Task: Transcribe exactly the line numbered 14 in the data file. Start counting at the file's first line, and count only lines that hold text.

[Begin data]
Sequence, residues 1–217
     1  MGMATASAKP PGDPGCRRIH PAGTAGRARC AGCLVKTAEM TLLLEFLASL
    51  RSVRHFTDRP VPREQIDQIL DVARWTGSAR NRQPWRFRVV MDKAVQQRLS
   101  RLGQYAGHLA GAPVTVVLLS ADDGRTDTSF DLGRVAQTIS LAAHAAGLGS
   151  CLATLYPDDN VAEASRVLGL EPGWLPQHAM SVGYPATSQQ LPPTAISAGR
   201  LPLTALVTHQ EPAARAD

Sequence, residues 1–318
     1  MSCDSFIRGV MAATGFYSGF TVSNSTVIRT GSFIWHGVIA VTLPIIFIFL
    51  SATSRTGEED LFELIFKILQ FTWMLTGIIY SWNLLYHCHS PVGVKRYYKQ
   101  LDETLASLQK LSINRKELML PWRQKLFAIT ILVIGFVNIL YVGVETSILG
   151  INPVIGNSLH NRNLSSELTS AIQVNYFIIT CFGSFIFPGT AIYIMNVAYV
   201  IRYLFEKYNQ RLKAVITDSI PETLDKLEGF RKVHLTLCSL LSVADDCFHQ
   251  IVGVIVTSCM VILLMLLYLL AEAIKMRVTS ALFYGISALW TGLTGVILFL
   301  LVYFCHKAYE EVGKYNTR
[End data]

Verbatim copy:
   301  LVYFCHKAYE EVGKYNTR